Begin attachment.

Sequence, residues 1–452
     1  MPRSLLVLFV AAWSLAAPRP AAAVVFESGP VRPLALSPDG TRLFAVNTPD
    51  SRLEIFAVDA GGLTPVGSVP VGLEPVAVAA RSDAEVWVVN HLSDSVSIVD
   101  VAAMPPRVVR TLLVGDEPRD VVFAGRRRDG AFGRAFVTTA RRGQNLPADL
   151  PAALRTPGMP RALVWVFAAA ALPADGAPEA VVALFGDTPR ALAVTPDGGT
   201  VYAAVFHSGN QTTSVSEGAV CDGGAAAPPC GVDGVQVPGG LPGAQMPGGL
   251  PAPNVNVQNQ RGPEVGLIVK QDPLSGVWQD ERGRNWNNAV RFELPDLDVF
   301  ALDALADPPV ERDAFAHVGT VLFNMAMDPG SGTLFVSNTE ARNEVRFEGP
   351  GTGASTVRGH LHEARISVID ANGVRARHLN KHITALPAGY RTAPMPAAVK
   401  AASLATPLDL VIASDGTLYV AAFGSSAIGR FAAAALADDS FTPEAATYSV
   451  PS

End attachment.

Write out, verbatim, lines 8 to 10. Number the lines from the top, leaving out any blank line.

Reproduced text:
   301  ALDALADPPV ERDAFAHVGT VLFNMAMDPG SGTLFVSNTE ARNEVRFEGP
   351  GTGASTVRGH LHEARISVID ANGVRARHLN KHITALPAGY RTAPMPAAVK
   401  AASLATPLDL VIASDGTLYV AAFGSSAIGR FAAAALADDS FTPEAATYSV